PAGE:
- There are more ideas locked away in your unconscious mind than you could ever write about in a whole lifetime – but how can they influence your creative writing. The secret is finding the key to
- There is a story (article or poem) behind everything you encounter during your daily routine in both inner and outer worlds if you have the courage to experience and explore. The secret is
learning to look behind the obvious.
- No matter how mundane and/or familiar a scene, there are countless different angles from which to view it. The secret is thinking ‘sideways’.
- You are unique: no one can access the same experiences and memories, which means you have the ability to generate unique responses to situations. The secret is knowing how to express
- Creative energy fuels creativity, so immerse yourself with creative images and stimulating art forms to give fresh ideas and ignite the creative flame. The secret is tapping into whatever can
unleash creative energy.
- Encourage the flow of creative energy from your unconscious mind through visualisation, meditation and relaxation. The secret is drawing energy from other sources.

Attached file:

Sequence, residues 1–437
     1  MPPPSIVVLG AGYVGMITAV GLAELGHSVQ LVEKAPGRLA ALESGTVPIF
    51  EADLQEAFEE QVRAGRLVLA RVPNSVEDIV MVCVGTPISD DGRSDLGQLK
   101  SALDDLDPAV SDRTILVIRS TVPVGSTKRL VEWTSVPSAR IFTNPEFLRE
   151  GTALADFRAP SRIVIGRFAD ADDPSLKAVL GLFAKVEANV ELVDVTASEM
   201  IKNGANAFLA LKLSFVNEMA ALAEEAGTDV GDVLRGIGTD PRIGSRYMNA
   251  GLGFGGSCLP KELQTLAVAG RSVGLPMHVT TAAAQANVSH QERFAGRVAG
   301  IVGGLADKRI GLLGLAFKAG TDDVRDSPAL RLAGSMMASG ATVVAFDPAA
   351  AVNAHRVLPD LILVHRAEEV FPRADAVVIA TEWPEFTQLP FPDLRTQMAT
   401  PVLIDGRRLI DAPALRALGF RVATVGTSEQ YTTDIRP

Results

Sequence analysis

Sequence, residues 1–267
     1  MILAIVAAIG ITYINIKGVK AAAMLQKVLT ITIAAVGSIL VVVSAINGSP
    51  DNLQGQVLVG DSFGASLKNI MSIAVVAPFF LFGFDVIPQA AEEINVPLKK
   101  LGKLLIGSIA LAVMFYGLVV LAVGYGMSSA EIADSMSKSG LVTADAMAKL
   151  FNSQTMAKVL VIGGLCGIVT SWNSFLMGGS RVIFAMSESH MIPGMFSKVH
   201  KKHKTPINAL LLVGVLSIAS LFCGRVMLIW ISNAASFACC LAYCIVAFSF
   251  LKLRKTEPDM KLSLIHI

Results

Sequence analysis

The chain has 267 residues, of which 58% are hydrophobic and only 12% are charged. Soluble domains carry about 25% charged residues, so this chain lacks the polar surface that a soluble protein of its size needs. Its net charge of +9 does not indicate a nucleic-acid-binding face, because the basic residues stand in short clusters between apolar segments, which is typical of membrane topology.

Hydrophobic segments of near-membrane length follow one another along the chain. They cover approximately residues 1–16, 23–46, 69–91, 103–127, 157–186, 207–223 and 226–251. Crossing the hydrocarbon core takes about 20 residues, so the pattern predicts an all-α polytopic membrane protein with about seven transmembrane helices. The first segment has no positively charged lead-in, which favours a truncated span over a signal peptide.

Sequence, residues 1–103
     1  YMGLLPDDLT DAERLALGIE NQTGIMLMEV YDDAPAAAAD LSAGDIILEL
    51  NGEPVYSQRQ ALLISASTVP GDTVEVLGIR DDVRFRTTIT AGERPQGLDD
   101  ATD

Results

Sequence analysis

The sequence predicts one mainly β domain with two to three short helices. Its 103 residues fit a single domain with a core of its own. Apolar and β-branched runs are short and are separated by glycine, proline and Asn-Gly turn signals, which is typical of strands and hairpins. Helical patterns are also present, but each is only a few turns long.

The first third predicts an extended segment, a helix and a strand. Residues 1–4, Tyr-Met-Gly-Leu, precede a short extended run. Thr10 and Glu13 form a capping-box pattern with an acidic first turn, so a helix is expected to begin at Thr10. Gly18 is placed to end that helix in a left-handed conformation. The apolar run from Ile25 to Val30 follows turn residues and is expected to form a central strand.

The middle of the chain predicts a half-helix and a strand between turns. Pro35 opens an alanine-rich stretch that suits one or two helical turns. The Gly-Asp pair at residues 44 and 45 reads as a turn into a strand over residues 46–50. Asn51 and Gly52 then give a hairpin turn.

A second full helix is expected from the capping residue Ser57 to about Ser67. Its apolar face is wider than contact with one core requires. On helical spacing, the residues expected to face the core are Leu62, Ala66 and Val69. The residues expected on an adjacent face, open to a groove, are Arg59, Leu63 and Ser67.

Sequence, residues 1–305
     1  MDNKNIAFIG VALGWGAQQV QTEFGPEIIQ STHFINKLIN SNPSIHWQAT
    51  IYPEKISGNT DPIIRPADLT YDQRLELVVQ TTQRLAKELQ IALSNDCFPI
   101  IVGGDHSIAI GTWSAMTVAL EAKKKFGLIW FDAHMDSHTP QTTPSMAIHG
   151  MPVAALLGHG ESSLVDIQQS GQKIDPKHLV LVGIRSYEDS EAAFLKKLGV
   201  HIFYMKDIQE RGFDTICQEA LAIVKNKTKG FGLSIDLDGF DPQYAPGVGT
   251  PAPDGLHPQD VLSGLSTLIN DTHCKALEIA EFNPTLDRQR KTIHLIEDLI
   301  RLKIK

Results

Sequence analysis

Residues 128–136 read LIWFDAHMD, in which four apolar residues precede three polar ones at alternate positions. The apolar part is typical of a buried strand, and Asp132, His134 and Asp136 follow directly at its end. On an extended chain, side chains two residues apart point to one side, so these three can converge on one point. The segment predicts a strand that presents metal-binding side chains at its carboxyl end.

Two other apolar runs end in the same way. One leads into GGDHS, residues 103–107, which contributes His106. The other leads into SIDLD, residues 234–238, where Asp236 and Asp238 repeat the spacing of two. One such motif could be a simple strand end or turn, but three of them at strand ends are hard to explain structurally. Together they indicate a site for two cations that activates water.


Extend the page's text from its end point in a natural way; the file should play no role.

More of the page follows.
- Use your imagination when exploring other artistic mediums such as painting, sculpture, music, etc., because creativity is a state of mind. The secret is allowing other influences to stimulate
the creative impulse.
- Give your imagination free rein and open up your unconscious mind to the creative possibilities around you; if necessary do the opposite of what is considered the norm. The secret is having the
strength to dream.
- By connecting to your unconscious mind you can explore the wealth of universal memories of myth, fantasy and symbolism – but don’t be embarrassed by your ability to travel to the ‘hidden’ world.
The secret is channelling your favourite childhood images.
- Certain images or symbols open the door to the collective unconscious; try working with these mind pictures to stimulate your creativity no matter how ridiculous or outrageous at the beginning.
The secret is focussing the mind on those things that will encourage creative energy.
An extract from Life-Writes: Where do writers get their ideas from? ... It’s called Life by Suzanne Ruthven.
0 comments on this articleThis thread has been closed from taking new comments.